Fast forward twelve years and here I am, a week into my thirties and am almost as clueless about mental health as I was back in high school. The main difference between now and then is that I have experienced more in life and seemingly have more self awareness than my younger self.

In the last year and a half I have experienced more significant change in my personal life since I graduated from university. My relationship with my girlfriend ended, I left the company where I started my career and worked for six years, and I realized that I experience and possibly suffer from several forms of anxiety.

I had mentioned before that I always felt that I had a baseline level of anxiety that was considered normal. Normal in the sense that it is something everyone has and experiences. I couldn’t tell you exactly when but, as if some mysterious force flicked a switch in my brain, my anxiety levels elevated and have not come back down.

Sure, I have good days (even weeks) where I am completely happy and feel on top of the world. But I more often feel the complete opposite.

For illustrative purposes

Six to seven months ago I decided it was time for me to seek professional help in the form of therapy. The problem was, I did not know where to look. How does someone that essentially knows nothing about mental health find the right help? Do I need a psychiatrist or a psychologist? What is the difference? What kind of therapy do I need? I had so many questions.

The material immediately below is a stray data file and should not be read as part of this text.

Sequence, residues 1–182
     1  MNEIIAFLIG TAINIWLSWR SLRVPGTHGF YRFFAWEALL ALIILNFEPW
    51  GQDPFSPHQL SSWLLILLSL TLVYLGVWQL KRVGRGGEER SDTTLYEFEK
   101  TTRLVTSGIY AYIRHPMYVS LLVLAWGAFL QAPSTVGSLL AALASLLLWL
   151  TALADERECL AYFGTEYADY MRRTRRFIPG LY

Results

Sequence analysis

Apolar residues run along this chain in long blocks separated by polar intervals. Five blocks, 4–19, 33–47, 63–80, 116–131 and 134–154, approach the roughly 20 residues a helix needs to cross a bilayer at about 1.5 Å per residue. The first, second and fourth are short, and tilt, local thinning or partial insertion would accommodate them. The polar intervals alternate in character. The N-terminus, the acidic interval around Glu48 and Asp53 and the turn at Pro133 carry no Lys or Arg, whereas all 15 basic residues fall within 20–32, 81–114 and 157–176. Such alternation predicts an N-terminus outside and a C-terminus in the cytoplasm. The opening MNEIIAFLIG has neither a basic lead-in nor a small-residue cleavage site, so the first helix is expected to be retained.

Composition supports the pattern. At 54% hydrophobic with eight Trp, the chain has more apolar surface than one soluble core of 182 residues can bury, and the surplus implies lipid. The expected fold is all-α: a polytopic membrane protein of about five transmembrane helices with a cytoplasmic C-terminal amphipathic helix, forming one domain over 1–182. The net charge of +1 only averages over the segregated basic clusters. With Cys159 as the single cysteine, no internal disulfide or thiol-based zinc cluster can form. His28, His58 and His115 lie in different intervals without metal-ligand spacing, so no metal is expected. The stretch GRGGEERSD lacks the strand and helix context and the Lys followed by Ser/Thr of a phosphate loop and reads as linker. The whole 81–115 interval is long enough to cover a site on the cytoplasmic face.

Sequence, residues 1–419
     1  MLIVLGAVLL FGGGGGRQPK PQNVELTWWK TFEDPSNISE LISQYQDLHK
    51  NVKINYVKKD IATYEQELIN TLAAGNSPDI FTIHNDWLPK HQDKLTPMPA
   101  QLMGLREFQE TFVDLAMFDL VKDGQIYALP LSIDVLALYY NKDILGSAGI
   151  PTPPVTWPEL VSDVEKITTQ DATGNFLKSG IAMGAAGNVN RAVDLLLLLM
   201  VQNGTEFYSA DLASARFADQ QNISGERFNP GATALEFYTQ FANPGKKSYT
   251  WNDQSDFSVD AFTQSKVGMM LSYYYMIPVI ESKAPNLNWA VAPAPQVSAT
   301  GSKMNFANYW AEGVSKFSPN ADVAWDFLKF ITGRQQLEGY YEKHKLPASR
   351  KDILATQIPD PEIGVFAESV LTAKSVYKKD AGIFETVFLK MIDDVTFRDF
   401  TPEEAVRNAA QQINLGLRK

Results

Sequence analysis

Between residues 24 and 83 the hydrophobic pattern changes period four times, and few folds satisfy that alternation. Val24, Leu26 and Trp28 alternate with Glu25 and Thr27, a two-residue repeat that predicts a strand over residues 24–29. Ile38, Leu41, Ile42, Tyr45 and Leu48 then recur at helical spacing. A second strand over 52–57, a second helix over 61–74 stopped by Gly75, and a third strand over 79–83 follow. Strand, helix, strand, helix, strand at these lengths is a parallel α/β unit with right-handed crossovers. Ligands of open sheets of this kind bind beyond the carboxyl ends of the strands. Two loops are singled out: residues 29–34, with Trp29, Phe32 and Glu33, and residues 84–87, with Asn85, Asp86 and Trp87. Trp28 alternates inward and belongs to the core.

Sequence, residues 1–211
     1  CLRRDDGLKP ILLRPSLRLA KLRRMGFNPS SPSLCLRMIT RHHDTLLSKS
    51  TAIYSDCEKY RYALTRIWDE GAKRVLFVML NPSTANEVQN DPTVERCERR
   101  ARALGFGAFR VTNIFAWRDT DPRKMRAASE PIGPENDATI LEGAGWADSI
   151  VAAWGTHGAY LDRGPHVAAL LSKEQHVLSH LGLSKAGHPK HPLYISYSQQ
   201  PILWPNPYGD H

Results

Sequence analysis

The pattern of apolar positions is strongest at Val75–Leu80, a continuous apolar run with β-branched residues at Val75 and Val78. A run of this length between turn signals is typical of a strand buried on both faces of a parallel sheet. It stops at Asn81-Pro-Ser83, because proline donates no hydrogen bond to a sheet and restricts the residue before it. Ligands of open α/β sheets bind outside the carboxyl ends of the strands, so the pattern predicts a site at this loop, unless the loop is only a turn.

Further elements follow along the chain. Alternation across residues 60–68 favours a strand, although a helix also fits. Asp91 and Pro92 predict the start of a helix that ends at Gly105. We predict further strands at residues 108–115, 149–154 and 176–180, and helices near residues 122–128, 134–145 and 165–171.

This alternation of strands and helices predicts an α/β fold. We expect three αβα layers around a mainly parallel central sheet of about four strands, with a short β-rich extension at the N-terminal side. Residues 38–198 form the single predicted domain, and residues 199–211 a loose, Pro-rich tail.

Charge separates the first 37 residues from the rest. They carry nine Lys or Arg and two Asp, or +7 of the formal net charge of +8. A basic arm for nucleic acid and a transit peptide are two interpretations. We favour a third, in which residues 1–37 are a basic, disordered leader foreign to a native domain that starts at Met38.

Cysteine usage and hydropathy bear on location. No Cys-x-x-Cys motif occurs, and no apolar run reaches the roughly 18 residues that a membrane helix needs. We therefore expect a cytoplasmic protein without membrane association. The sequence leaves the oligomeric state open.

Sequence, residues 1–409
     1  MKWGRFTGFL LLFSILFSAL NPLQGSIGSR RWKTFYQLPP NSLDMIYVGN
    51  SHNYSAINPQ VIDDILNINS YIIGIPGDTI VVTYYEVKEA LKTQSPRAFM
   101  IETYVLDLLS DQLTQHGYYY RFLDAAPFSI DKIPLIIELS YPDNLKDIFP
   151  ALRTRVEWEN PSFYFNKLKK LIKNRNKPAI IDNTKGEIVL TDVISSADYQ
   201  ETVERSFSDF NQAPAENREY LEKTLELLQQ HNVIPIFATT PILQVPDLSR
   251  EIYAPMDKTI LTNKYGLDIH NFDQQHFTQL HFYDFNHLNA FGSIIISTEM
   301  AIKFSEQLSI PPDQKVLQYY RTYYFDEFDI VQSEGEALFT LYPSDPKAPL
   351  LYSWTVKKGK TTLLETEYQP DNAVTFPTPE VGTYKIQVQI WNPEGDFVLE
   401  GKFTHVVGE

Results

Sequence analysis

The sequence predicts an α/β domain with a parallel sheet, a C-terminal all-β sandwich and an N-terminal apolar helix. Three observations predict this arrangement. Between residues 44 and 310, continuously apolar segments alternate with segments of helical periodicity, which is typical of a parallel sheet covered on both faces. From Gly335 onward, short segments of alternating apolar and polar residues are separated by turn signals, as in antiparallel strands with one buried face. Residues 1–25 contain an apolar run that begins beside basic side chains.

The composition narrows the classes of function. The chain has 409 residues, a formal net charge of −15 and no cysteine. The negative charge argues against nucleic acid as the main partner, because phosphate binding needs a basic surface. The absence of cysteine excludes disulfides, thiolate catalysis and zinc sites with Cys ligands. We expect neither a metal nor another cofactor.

I was lucky enough to meet a new friend who shared with me their experiences and they were actually the catalyst for me to start going to therapy. Without going into too much detail, having someone to talk to that has also has gone through or is going through similar things is eye opening.

I logged onto ZocDoc and found a place that took my insurance and I set up an appointment. I had my first session on December 30, 2015.

For four and a half months I saw my therapist once every week. At the time I could not say whether he was good or not because he was my first therapist. I had zero expectations.

I would go into the sessions and he would ask things like, “how are you feeling?” or “what has been bothering you?”

Therapy cannot work if you are not honest with yourself and your therapist. I thought it was going to be really difficult to open up but I surprisingly found it easy to just talk freely and openly. Maybe because I knew it was a complete stranger who’s purpose in my life was to listen and help resolve my issues.

I learned a few things. I learned some breathing exercises to help calm myself down and relax. I learned that I need to not use my phone late at night before I go to bed. I learned that I need to be honest with myself.